From my point of view, the academic community in some ways is even more remiss [than the media]. During my brief fledgling career as a novice academic, I have come to the conclusion that most university-level courses on the American foreign policy process are absolutely mute on this subject [intelligence sharing with Congress, and the repercussions thereof, as a major change in the US foreign policy process]. It is as if time was frozen in the 1960's. I believe the current scholarly literature on foreign policy processes has little discussion of this — almost none. I am not aware of any Ph.D. theses being done in this area, although I can think of some wonderful case studies that could be the basis for doctoral dissertations. The media and the academic community do not quite get it.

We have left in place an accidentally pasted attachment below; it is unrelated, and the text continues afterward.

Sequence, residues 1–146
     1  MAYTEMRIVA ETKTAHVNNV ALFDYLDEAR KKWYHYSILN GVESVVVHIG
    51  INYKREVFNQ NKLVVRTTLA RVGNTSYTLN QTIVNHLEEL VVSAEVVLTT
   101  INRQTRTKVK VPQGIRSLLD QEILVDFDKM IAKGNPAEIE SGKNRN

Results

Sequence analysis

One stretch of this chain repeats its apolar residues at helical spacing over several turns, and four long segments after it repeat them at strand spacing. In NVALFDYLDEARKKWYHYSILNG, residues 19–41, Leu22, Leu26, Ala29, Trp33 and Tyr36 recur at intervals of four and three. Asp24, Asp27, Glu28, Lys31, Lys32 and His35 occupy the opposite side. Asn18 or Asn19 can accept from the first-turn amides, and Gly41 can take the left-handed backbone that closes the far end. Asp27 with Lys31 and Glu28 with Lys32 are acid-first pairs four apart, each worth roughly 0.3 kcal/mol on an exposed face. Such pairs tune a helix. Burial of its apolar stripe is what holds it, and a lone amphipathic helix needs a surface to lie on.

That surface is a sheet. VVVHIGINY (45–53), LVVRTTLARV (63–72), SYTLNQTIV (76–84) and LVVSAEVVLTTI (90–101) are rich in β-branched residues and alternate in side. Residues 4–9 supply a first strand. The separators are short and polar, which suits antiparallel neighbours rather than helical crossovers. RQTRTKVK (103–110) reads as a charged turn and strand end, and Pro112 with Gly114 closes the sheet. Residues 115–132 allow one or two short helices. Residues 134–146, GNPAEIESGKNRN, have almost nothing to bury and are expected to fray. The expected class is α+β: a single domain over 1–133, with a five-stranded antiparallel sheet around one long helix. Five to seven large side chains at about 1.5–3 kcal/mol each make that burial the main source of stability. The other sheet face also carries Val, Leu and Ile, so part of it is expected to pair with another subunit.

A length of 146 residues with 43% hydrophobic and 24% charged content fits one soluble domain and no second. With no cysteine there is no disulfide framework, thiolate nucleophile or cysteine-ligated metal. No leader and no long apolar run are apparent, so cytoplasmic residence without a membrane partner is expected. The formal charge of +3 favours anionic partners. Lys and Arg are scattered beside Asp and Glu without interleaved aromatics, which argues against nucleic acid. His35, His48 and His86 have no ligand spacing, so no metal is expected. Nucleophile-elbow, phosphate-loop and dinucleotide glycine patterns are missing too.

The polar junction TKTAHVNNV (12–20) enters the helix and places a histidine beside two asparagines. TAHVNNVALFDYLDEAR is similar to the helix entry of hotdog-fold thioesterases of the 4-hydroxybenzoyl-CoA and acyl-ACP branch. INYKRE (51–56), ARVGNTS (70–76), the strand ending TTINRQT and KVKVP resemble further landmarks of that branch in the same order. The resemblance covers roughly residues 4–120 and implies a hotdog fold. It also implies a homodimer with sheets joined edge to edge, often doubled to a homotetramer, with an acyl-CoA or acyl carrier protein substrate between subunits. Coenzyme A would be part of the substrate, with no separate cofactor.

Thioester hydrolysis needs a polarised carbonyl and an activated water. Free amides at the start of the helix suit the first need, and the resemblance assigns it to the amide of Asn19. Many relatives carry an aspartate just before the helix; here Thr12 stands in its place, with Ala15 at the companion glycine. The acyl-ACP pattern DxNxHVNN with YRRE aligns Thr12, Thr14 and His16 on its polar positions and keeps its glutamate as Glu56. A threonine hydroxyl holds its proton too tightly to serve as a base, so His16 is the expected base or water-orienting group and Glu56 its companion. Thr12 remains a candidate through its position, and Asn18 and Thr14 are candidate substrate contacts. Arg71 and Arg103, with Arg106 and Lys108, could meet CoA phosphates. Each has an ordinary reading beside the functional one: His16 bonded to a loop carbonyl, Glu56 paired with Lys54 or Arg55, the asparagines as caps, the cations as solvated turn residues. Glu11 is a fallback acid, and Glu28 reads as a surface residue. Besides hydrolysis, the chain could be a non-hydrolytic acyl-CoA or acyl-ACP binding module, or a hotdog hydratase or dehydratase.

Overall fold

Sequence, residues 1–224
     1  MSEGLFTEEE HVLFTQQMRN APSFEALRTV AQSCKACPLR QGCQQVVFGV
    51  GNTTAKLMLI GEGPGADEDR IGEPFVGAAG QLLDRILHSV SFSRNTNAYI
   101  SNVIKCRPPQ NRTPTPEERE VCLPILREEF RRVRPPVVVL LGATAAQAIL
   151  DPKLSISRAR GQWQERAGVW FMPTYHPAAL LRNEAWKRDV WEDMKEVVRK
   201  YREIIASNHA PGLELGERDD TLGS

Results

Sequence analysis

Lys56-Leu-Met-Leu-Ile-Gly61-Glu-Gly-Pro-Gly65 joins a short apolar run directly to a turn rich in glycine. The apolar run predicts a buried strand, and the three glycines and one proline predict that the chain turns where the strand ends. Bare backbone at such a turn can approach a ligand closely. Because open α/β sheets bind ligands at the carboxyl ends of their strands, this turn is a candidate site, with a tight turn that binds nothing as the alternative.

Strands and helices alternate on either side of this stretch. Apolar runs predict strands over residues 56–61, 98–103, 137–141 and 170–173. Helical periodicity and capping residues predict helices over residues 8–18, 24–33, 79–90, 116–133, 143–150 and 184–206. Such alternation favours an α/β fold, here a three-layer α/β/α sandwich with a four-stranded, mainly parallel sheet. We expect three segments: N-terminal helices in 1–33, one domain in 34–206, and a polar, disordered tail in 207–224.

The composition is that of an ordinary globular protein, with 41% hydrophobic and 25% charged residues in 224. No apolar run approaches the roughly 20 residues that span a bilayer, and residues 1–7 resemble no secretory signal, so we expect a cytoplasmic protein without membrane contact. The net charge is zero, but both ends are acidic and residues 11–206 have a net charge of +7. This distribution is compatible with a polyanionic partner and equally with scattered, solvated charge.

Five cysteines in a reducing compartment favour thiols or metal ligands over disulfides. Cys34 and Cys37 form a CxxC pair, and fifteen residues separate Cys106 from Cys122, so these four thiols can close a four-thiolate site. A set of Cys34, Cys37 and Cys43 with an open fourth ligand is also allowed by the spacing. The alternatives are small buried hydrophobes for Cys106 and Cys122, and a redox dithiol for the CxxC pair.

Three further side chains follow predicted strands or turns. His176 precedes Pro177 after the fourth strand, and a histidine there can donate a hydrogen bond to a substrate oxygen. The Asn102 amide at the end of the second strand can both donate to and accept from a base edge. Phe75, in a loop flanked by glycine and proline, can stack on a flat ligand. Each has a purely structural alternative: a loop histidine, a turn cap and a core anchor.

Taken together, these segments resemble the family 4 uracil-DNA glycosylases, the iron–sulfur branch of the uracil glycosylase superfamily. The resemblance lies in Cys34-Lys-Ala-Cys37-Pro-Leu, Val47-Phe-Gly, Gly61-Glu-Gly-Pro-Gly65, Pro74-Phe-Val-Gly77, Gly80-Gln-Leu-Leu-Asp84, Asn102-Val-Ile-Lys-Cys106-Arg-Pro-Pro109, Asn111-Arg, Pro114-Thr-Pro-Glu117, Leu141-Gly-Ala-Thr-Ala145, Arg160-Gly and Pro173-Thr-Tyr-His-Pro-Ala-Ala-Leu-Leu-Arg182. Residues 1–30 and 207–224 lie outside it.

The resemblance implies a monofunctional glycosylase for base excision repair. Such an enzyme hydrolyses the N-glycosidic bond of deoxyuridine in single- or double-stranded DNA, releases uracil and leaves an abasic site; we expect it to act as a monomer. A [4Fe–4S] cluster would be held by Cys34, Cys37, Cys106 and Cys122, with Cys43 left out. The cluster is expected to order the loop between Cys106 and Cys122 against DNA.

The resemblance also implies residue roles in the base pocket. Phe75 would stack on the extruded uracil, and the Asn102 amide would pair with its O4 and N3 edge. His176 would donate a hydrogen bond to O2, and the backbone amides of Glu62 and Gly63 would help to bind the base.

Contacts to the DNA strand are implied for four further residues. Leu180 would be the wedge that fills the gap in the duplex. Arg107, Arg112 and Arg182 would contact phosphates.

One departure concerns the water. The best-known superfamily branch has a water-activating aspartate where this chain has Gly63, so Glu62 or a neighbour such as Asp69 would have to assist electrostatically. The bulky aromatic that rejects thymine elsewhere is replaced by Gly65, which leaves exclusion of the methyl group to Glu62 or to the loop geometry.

Phi Beta Iota: The primary focus is on oversight, with some claiming that it is far more intensive than any might imagine, while others see a complete absence of serious scrutiny, particularly into the drone assassination program, rendition and torture, financial relations with others outside the purview of Congressional oversight (both subsidizing selected other foreign intelligence services and receiving off-budget subsidies from some, for example, Saudi Arabia), excessive reliance on foreign intelligence services for hand-outs then presented as if they were obtained clandestinely. The secondary focus is on intelligence sharing in relation to foreign policy — this begs the questions of decision-support to ALL Congressional jurisdictions that is not done today in part because there is no substantive intelligence support to MOST of the US Executive, and it also begs the question raised by Ellen Seidman in the 1990's, to wit, CIA is incapable of “compare and contrast” between domestic challenges and capabilities and those of other countries.